It is very hard to imagine South Dakota without former Gov. Bill Janklow. Bill told us this was going to happen, but it is a shock.
Again and again, decade after decade, Bill Janklow proved that there was nothing too arduous, nothing too ambitious, and nothing too audacious for South Dakota to achieve.
When the bankruptcy of a farm-to-market railroad threatened our agriculture economy, Bill Janklow bought the rails for the state.
When the right of the state cement plant to give preference to in-state customers was challenged, Bill Janklow convinced the U.S. Supreme Court, himself, to rule in our favor -- the only Governor in the history of our nation to do that.
When Congress and the President failed to address the farm crisis in the 1980s, Bill Janklow went to Washington to ask them to intervene. But he didn't go by himself -- he took the entire state Legislature with him.
When Citibank officials were looking for a place where their business could thrive, Bill Janklow brought them to Sioux Falls -- and transformed the South Dakota economy.
When the federal government failed to enforce trade laws with Canada, Bill Janklow stopped Canadian trucks at the South Dakota border to protect our farmers and force a resolution.
When technology began to change, Bill Janklow kept South Dakota on the cutting edge. He focused Dakota State University on computers and technology 10 years before the Internet became available. And when the Internet was available, he made our schools the most wired in the nation.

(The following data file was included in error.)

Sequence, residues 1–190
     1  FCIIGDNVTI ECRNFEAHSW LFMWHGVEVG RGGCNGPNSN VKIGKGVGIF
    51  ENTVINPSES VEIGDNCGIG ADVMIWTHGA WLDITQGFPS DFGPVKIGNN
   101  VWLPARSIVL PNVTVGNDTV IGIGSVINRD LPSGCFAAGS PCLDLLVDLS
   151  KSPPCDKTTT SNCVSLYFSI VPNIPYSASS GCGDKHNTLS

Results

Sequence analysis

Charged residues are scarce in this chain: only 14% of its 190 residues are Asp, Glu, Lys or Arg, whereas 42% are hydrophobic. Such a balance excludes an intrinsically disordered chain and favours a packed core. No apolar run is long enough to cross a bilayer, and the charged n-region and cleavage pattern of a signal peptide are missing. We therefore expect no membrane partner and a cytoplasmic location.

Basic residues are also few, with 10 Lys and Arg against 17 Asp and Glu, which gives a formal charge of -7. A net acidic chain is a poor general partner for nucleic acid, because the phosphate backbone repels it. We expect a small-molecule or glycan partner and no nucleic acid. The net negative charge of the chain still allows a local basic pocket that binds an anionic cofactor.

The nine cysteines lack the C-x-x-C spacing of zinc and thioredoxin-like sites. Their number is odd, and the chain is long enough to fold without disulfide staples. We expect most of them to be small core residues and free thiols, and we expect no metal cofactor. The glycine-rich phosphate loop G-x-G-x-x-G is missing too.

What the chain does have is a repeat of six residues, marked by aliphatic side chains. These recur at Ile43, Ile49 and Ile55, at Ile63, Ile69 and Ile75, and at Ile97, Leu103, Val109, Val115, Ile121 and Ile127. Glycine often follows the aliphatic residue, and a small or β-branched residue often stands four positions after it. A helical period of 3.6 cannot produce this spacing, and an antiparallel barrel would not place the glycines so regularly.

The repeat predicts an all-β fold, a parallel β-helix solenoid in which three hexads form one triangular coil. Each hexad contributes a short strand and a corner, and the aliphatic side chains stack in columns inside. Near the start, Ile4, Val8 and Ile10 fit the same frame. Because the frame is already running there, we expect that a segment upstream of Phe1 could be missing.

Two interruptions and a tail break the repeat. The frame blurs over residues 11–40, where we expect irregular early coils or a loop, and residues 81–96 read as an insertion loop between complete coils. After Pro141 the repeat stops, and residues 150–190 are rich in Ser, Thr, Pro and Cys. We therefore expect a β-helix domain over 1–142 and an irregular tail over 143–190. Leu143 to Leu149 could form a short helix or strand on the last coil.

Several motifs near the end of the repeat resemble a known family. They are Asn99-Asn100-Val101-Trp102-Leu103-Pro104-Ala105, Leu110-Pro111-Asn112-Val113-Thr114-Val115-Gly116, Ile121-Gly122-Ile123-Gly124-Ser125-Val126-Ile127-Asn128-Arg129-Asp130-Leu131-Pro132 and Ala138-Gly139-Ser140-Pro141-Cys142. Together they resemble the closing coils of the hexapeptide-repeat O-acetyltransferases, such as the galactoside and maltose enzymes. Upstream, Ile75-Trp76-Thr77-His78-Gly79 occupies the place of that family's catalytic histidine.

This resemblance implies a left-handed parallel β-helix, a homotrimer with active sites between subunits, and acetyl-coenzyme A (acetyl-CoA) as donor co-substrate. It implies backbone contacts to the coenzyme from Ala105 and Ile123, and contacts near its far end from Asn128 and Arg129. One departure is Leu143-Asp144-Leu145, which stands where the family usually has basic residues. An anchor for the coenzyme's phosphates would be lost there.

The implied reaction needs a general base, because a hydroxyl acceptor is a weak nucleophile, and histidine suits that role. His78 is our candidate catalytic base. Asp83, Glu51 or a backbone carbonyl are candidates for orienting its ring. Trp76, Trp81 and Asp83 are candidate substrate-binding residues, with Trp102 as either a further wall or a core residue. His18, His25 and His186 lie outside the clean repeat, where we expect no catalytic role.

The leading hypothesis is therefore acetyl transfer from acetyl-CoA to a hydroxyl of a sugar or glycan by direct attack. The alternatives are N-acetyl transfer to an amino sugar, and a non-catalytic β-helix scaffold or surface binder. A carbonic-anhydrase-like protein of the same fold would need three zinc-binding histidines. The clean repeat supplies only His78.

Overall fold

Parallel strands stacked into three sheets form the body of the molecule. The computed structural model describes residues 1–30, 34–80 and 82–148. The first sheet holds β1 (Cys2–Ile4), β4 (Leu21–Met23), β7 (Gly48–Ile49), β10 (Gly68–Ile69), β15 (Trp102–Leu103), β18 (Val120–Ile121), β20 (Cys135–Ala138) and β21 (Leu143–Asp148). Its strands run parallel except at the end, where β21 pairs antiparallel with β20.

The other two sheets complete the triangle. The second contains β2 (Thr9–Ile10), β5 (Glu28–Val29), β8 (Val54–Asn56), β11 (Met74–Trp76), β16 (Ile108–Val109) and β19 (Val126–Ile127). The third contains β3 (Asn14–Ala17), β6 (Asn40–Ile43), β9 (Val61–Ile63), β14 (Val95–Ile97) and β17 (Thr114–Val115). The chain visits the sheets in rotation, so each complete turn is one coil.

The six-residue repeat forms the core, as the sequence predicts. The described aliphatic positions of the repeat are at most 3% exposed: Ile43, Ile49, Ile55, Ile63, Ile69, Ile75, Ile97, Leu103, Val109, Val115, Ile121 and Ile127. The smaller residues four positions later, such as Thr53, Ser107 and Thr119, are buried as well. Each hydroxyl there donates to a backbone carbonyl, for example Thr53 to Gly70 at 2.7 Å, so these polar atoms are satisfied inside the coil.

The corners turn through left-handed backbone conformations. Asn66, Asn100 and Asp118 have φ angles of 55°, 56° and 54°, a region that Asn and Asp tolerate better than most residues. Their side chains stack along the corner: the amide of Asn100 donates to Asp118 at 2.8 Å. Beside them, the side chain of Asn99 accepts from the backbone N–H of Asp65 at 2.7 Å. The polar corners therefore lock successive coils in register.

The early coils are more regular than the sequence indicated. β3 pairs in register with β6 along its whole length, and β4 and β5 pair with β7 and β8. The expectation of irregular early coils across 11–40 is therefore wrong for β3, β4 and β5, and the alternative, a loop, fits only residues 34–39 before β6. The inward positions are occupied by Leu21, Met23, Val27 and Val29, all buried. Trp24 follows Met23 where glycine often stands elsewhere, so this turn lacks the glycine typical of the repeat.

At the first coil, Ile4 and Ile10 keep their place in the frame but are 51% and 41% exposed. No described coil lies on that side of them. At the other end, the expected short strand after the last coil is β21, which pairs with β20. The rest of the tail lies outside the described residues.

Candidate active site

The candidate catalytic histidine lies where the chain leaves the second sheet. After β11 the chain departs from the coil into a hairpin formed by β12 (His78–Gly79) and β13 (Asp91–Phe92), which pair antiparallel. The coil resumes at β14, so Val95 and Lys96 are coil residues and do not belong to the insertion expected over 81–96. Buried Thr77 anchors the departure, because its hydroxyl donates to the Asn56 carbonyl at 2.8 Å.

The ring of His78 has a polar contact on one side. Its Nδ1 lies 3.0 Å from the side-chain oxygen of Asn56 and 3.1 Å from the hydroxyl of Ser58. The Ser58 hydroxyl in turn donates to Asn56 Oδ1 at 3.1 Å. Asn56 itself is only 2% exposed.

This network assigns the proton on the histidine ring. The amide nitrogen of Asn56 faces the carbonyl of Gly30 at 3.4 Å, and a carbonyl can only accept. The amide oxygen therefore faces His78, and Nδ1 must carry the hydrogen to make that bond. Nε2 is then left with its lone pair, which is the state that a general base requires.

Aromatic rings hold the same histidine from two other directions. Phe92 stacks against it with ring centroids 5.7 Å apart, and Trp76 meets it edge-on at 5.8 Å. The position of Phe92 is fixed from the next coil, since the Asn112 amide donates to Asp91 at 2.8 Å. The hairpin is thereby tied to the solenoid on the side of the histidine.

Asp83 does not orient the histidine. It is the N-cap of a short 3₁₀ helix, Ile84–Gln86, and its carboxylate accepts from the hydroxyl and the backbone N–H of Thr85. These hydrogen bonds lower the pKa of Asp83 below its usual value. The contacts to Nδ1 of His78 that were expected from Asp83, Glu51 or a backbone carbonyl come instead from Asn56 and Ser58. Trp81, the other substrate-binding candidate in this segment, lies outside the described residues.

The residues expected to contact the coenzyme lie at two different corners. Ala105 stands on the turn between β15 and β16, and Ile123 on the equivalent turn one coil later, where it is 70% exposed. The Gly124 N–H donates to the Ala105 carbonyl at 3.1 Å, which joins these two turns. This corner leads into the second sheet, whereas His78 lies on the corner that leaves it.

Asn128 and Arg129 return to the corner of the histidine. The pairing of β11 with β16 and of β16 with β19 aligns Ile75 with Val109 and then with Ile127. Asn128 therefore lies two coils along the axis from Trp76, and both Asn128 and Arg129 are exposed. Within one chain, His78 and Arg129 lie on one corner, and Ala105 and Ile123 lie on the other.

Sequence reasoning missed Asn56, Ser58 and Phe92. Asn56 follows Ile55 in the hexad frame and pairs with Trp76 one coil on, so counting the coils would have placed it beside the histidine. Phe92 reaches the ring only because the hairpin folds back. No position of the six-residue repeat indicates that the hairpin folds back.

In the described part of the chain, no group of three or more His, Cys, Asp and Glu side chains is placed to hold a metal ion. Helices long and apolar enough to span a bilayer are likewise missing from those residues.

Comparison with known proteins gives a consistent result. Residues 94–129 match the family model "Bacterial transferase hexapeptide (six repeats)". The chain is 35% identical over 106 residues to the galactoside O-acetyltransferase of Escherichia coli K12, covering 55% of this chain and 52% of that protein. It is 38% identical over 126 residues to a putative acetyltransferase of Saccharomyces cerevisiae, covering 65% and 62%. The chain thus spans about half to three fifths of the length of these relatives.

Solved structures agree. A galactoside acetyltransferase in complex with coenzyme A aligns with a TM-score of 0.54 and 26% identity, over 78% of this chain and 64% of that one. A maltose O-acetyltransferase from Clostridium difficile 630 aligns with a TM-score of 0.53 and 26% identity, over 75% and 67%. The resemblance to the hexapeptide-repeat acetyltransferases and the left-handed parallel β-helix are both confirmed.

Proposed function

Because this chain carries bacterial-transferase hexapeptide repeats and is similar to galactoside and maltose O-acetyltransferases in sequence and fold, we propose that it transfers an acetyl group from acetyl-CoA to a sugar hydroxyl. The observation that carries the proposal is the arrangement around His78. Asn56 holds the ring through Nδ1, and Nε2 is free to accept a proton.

When South Dakota voters demanded that property taxes be brought under control, Bill Janklow listened to them and kept a promise to cut property taxes -- by 30 percent.
And when a disaster struck, Bill Janklow was always the first on the scene -- helping the victims, directing the response, and staying for as long as it took.
He did all of this -- and much, much more -- with resolve, with practicality, with brashness, and with a can-do spirit that truly was one-of-a-kind.
And as he roared through the years, jumping from idea to idea, leaping from one implausible triumph to the next, Bill Janklow taught us something very important.
He taught us to be proud of ourselves.
Bill often said that South Dakota has an inferiority complex. Because we are small, and because we are remote, we sometimes believe that we cannot be the first, or the best, or the most innovative.
But he knew we were wrong. Bill Janklow showed South Dakota that, though our state may be small, we should never believe that it is second-rate.
That is his greatest legacy and his greatest gift to South Dakota. Bill Janklow showed us there is nothing that South Dakota cannot achieve -- because he achieved so much himself.
On behalf of all of us -- on behalf of South Dakota -- I say,
Thank you, Bill -- for being our friend.